Monday, January 13, 2020

Working for a Living, Living Like a Writer, Working with Writing: Not the same as making a living AS a writer. And that's OK.

“I admire that you make a living as a writer.”

A young woman writer said this to me at an event recently.

I’m quick to correct her: No, I don’t.

Because it’s the truth.

I make a living, I tell her, because I’m a writer.

Each January I calculate how much I earned from each of the activities I get paid for and in which percentages in the previous year. I want to understand where the money comes from, where the time goes. (I hate math and I'm bad at it; my husband cannot understand how I was once the statistician for the men's ice hockey team at Syracuse University, but I digress: check out the Percentage Calculator.)

In 2019, some 33 percent of my income came from editing book manuscripts, essays, and book proposals, and acting as a writing coach. The largest amount, 40 percent, was earned by teaching in an online MFA program, and about 23 percent from teaching other writing classes and speaking and leading workshops at conferences, retreats, and libraries. That leaves just 2 percent from book sales and royalties and another 3 percent from paid freelance writing.

That’s it. That last figure is how I did not even get close to making a living as a writer. My income right now comes mostly from helping others with their writing, their writing life. 

This is fine with me, for now. Many years ago, I did in fact make a full time living as a full-time freelance writer—back when there were scads of print magazines and newspapers doling out living wages for articles. But now, my husband (also self-employed) and I have two kids in college, live in one of the most expensive areas of the country (northern NJ, 10 miles from NYC), fund our own health insurance and retirement.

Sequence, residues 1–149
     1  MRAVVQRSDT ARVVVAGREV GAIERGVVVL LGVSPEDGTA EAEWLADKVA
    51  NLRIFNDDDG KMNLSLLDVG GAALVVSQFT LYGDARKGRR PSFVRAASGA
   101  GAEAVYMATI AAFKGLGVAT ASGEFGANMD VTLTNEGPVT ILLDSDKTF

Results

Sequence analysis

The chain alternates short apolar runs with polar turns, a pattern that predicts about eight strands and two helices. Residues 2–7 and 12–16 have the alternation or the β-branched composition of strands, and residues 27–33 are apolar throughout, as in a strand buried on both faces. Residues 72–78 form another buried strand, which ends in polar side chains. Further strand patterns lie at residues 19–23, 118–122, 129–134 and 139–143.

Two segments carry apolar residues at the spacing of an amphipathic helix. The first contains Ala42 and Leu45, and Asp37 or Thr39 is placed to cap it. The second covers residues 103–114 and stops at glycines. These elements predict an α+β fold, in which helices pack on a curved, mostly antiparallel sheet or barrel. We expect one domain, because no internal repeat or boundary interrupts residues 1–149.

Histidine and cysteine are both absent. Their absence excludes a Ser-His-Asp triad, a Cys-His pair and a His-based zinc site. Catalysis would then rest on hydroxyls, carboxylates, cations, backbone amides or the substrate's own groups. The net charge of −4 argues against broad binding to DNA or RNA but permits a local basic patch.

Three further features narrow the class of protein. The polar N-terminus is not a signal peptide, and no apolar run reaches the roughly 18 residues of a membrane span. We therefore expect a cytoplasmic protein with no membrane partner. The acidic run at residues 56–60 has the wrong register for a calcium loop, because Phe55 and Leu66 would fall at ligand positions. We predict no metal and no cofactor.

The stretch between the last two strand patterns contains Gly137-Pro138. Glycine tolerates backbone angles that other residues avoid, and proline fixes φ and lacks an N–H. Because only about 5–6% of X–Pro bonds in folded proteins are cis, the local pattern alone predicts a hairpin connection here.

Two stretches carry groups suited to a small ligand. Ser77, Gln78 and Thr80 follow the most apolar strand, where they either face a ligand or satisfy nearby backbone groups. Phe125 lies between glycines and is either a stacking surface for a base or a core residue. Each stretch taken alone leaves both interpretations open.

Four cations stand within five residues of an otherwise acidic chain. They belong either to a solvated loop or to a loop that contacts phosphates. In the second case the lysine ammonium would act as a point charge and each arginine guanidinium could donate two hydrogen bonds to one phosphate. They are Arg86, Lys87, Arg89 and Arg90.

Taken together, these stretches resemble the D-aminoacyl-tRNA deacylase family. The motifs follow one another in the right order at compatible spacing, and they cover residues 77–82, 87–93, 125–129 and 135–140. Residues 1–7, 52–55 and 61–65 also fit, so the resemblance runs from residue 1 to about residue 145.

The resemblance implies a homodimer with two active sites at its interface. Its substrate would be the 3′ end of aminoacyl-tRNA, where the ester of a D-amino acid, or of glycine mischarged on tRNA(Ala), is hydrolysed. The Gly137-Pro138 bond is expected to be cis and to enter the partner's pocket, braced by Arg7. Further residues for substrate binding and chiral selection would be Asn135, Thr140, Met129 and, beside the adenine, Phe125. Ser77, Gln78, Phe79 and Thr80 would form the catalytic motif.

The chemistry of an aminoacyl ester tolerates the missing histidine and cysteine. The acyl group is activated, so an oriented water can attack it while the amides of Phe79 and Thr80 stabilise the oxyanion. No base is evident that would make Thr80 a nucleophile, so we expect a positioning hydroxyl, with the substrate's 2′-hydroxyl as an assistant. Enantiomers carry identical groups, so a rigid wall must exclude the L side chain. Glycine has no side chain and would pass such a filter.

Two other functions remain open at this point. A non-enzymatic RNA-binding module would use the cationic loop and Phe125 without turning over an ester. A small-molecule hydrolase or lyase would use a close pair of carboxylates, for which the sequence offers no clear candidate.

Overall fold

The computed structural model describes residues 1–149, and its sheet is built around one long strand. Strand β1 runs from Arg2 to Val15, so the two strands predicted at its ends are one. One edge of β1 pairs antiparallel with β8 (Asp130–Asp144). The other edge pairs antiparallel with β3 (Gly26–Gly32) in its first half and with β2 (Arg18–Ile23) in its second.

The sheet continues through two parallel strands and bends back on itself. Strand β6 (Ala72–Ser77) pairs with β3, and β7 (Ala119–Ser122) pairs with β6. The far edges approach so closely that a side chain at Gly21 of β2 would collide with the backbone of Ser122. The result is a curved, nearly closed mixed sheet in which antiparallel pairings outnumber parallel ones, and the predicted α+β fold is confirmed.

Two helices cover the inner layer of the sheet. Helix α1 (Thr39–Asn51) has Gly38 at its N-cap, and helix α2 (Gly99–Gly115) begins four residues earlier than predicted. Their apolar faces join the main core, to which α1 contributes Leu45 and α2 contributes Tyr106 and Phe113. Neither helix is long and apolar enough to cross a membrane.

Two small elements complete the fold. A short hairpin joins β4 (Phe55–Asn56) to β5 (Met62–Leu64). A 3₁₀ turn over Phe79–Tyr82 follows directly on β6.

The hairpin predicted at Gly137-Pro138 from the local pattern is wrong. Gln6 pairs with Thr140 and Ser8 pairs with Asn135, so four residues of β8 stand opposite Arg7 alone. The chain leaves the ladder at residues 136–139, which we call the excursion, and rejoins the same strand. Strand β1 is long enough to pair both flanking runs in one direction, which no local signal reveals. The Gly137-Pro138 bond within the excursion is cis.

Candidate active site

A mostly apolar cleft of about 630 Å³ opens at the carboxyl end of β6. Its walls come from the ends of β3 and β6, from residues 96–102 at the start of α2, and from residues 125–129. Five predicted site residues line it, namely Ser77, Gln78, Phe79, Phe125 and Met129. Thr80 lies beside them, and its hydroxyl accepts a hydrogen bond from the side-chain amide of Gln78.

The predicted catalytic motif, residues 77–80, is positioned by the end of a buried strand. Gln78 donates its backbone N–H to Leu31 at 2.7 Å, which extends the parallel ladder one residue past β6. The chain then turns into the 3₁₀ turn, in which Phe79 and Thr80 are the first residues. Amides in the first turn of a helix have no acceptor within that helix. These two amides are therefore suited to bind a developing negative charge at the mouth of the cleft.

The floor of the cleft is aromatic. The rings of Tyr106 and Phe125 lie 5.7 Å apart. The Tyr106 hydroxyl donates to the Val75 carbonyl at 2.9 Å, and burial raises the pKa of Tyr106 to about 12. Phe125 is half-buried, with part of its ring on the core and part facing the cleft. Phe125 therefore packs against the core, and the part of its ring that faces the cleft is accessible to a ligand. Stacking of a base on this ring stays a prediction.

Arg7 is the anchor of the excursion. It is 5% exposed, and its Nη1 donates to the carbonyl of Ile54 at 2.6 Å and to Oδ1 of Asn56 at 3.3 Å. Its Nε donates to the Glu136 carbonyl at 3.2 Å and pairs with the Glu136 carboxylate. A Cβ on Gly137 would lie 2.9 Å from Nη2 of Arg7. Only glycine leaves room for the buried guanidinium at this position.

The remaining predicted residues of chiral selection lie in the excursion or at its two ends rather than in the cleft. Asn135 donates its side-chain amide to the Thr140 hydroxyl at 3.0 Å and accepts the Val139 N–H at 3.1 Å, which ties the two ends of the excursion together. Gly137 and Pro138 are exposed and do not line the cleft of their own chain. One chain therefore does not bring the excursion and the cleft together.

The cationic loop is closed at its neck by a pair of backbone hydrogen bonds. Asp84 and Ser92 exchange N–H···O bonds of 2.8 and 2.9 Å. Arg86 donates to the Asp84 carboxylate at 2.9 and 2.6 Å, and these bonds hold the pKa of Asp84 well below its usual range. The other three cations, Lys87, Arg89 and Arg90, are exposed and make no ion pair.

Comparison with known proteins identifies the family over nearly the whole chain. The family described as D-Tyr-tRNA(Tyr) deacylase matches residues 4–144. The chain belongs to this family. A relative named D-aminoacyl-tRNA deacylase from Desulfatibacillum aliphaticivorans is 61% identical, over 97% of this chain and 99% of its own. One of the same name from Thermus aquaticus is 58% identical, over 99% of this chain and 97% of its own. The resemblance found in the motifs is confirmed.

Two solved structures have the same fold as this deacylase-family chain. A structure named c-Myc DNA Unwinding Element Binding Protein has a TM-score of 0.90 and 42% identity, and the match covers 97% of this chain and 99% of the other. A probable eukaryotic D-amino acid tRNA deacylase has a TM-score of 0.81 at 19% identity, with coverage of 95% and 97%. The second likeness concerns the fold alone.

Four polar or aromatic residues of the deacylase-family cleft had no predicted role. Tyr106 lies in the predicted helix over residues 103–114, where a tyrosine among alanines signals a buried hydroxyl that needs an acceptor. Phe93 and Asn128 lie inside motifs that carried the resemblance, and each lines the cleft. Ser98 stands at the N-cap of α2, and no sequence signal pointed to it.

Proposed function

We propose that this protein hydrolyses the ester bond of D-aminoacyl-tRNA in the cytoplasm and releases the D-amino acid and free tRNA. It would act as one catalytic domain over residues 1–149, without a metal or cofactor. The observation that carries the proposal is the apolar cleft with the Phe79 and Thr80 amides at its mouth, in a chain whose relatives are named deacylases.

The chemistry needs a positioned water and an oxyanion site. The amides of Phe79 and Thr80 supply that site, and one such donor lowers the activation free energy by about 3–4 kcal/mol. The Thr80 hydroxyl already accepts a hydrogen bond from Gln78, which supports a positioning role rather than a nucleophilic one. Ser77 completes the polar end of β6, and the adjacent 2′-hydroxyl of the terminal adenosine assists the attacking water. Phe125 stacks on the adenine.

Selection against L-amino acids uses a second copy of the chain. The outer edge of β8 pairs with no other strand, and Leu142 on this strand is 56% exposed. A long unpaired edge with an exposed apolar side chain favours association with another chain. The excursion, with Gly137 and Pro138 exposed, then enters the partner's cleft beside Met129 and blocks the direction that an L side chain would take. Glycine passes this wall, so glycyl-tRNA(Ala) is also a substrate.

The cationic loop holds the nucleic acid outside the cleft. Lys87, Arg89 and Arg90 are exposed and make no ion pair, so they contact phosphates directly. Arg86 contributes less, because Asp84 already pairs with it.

I’m not complaining. I’ve chosen this. Although often it feels like I’m cobbling things together with whatever comes my way, I’m also fairly methodical about seeking opportunities, proposing things, applying for gigs. It’s good that people notice I’m busy, that I work a lot—mostly because that often leads to future work.

I guess that’s what the young woman above was reacting to—my busyness, perhaps combined with getting published enough (in short forms, though often in unpaid literary journals) so that it appears I spend a lot of my time on my own writing. I don’t.

Depending on the cycle of the academic semester, and how much freelance editing/coaching work I have in the house at any one time, my own writing gets done—much like most writers on the planet, I suspect—in between. When there’s a lull, some breathing space. Over holiday breaks and on Sundays and very late at night and occasionally when I need a respite from others’ words and writing problems and editing needs. I like to think this reality helps make me more understanding of the time management, energy, and brain-drain challenges my writing clients and adult MFA students deal with daily.

So, to the dear lovely young writer above—who I might add said this to me at a reading/speaking engagement for my memoir where I was (a) getting paid; (b) trolling for prospective clients; and (c) hopefully selling books: No, I don’t make a living as a writer. But thanks. Right now, it’s enough that I make a living among writers.

Now then. It’s Sunday morning and I have my (abbreviated) work day mapped out: edit four more essays in the manuscript of a client’s essay collection; finish the schedule for the three-day memoir workshop I’m teaching next weekend about 130 miles from home.

Then, maybe, if I’m not too tired, and if my husband is still mainlining playoff football, and if I have anything left in the tank, I want to work on an essay of my own I’ve been tinkering with for three months…

Image, top: Flickr/CreativeCommons - Trending Topics 2019

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